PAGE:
A limp shiver went down the collective spine of social media last week with reports about Japan’s sexless youth. It all boils down to young adults not wanting the messy complications of personal commitment because they interfere with their much more demanding and immediately rewarding jobs (and internet porn). It’s the economy, stupid!
Eberstadt’s provocative little book Adam and Eve After the Pill surprised me by suggesting, between the margins, that the breakdown of marriages in the West can be attributed to the same economic factors. Between the lines, I say, because she doesn’t make this argument directly.
Her book starts out by documenting the overhyped false consciousness of Marxist professors who refused to acknowledge the utter failure of Communism deep into the 80’s, even the 90’s. For some even Solzhenitsyn and black books of Communism didn’t quite do the job.
She then goes on to present the failures of the sexual revolution (plague of divorces, sexlessness [US TOO!], infertility, the harms inflicted upon women and children) as yet another example of the false consciousness of leftist intellectuals. They just don’t want to see the harshly ironic reality behind the realization of their 60’s Utopian dreams of unfettered sexual liberation. I mean, does anybody still even remember Herbert Marcuse’s make love not war argument in Eros and Civilization when we have a “progressive” president who gets a free pass on callously joking about being good at killing people?
The problems Eberstadt documents are so depressing I don’t want to go into the details. The fascinating thing is how she continually harks upon the moral and economic costs of the sexual revolution. She is so blinded by her own neo-conservative ideology that she doesn’t make the connection that maybe “It’s the economy, stupid” (the link suggests the population at large doesn’t realize it either).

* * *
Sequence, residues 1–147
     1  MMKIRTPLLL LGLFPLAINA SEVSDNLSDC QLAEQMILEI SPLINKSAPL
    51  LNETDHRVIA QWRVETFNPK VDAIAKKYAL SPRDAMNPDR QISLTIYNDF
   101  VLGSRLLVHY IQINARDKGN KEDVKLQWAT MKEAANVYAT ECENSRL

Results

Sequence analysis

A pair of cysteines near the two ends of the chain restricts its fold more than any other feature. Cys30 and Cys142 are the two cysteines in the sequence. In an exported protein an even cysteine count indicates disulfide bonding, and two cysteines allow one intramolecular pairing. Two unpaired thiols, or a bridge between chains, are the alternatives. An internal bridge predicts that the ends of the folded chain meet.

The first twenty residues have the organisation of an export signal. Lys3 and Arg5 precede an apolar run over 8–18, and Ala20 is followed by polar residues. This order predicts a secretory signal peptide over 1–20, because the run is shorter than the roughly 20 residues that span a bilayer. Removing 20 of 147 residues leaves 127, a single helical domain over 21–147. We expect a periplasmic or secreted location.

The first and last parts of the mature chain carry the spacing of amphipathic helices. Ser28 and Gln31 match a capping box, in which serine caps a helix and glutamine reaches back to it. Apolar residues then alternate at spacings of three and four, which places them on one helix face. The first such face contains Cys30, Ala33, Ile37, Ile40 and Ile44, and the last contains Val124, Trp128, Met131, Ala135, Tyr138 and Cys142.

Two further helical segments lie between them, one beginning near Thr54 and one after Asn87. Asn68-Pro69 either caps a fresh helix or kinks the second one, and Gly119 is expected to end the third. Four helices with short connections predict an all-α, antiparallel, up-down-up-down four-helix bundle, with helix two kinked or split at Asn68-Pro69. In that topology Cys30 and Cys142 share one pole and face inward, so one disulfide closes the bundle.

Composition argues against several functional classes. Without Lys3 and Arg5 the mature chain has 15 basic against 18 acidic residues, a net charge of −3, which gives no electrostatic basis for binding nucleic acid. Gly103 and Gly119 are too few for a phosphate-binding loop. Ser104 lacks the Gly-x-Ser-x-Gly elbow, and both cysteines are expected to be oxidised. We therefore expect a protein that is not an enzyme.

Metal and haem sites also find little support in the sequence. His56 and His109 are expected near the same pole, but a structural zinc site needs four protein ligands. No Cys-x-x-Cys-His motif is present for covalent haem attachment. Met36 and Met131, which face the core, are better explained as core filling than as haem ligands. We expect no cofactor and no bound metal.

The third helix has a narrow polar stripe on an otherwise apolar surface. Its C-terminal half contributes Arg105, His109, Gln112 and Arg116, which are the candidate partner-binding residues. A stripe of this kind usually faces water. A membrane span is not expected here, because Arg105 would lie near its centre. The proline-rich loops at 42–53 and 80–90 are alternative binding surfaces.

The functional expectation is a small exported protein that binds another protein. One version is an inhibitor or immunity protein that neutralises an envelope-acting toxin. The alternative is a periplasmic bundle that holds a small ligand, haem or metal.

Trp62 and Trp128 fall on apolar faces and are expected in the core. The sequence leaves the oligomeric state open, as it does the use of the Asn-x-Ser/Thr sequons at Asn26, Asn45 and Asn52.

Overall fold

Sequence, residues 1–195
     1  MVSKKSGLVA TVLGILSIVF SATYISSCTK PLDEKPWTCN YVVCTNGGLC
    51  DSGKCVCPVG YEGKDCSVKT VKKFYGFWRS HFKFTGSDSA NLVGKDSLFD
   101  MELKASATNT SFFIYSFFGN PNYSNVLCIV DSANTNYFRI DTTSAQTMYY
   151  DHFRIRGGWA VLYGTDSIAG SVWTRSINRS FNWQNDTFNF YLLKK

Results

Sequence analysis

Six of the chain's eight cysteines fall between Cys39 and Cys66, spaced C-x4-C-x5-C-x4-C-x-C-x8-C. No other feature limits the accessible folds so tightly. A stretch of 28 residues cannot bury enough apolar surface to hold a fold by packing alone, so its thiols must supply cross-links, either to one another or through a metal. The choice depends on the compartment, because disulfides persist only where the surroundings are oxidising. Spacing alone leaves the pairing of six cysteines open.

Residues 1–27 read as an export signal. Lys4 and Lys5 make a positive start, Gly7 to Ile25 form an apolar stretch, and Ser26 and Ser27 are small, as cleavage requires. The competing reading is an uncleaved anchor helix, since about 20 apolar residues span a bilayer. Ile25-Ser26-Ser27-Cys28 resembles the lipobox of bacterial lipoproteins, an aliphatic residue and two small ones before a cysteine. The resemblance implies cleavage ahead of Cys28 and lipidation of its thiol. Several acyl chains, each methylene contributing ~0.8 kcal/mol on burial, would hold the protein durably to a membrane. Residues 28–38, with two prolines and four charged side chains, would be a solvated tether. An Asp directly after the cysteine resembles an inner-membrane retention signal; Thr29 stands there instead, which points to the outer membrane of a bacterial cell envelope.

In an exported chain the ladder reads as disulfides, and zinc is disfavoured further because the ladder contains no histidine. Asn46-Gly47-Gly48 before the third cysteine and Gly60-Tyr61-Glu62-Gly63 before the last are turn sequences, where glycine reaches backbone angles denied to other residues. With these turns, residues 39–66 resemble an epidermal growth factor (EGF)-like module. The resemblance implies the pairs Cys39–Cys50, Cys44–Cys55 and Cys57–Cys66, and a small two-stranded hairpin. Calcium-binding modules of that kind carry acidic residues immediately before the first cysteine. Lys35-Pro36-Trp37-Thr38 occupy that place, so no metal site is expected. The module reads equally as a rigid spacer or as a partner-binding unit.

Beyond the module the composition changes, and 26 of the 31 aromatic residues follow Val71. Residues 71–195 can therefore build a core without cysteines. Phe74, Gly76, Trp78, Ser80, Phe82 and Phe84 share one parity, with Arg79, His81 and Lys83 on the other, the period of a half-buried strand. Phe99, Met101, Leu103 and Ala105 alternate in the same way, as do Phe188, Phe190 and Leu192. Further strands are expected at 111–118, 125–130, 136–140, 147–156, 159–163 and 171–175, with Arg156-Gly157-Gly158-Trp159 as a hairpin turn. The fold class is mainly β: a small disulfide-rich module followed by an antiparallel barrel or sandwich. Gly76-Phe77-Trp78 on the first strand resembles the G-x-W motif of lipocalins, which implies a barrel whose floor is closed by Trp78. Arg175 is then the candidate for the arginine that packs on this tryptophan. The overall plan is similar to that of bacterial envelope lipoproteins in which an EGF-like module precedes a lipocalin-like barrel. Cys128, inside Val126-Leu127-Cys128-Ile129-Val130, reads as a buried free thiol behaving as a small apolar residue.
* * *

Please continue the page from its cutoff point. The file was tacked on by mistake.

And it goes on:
It’s unfortunate she didn’t read Benedict more faithfully. He was prone to making connections such as this:
“Both capitalism and Marxism promised to point out the path for the creation of just structures, and they declared that these, once established, would function by themselves. And this ideological promise has proven false.”
How much can we continue to grow the economy? How much more merde can we produce? How much more pollution can we afford? How much more time are we willing to sacrifice to Wall Street? How many more relationships can we lay at the altar of growth before we shrivel away into robots subservient to the threat that “We won’t have an economy Monday“? Michel Houellebecq’s hilariously painful novels The Elementary Particles, The Map and the Territory, and The Possibility of an Island suggest there might be no return to the Catholic principle that small is beautiful (as if people mattered).
I’m presently also reading excerpts from a strange big book, Chris Ferrara’s Liberty, the God that Failed. Here is someone who also makes the connections Ebestadt doesn’t make in her Adam and Eve After the Pill and its more recent expanded version How the West Really Lost God. After all, the nauseating Sartrean myth of absolute human freedom is behind the market, the sexual revolution, and the degradation of the environment (none of them want regulation!):